The research is clear that children who don’t read during the summer can lose up to three months of reading progress and that loss has a cumulative, long-term effect. Early and sustained summer learning opportunities lead to higher graduation rates, better preparation for college, and positive effects on children’s self-esteem, confidence, and motivation.
Create a reading plan with your child. Using a calendar, help your child make a schedule for summer reading. Helping your child plan ahead and stick to the schedule will help him/her avoid leaving their reading until the last few days of summer.
Set aside a consistent time each day for reading. Depending on your family’s schedule, reading time might be in the morning, afternoon or before bed. Whatever time you choose, stick to it, but also remember that flexibility around trips and special family events is OK.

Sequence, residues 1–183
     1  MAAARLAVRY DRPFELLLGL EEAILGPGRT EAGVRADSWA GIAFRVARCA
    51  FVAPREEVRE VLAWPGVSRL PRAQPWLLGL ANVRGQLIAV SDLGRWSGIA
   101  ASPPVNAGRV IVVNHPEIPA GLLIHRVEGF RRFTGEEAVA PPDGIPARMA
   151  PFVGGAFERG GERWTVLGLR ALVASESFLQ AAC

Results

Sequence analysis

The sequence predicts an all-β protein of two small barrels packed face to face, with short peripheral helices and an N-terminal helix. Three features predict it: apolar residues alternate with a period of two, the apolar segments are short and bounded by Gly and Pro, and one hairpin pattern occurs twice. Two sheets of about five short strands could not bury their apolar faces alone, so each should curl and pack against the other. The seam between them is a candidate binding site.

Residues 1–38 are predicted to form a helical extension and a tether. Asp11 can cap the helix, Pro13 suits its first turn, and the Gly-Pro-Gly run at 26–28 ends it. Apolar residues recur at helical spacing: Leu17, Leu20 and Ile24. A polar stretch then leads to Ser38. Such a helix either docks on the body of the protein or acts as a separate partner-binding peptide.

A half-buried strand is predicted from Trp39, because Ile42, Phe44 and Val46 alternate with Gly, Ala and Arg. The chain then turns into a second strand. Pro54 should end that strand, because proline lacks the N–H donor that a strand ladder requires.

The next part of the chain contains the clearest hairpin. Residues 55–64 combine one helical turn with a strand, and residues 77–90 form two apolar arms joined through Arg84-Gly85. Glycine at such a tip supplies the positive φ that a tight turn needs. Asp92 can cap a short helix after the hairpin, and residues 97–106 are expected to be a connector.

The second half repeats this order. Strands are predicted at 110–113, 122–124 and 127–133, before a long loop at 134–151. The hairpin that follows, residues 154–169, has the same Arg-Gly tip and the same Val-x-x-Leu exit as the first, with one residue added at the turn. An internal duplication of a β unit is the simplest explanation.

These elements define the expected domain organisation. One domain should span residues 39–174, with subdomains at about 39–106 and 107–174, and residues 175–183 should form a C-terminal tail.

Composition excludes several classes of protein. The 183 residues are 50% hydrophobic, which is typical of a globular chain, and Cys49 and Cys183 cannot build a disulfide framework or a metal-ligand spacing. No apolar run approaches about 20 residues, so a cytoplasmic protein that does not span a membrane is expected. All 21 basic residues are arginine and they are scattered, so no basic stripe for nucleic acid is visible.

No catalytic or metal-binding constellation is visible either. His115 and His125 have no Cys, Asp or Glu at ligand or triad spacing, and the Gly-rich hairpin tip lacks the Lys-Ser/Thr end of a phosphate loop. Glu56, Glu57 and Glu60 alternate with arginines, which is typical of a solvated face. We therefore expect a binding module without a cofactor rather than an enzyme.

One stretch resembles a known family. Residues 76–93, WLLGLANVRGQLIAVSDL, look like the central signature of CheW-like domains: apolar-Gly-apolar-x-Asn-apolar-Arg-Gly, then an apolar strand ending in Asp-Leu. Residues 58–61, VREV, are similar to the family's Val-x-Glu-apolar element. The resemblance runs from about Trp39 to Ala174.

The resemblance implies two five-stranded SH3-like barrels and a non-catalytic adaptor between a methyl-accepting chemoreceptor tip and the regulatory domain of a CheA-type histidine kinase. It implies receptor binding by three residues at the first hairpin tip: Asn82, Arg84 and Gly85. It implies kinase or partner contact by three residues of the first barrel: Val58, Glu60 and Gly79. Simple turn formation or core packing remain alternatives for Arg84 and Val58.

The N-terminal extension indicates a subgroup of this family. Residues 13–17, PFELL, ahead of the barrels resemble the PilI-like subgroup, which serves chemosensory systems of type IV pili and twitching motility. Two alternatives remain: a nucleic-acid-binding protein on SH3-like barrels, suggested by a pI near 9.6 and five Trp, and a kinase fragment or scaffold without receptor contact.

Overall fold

Alternate required reading with your child’s own choices. Your child will be more motivated to read when he/she has the opportunity to select some of their own reading.
Read books together and discuss them. You can read aloud together by taking turns by page, or you can get two copies of the book and each read silently. In either case, tell your child what you are thinking as you read and ask your child questions about what he/she reads. By reading together, you help your child to understand what he/she reads and motivate him/her to read by demonstrating that you enjoy sharing ideas about books.
Find audio books if your child is struggling. By listening to books on tape and discussing them with you, your child will learn new vocabulary and information. If audio books are not feasible, read required books aloud to your child and discuss them together. At the same time, help your child to find books at a comfortable level so he/she gets practice reading alone.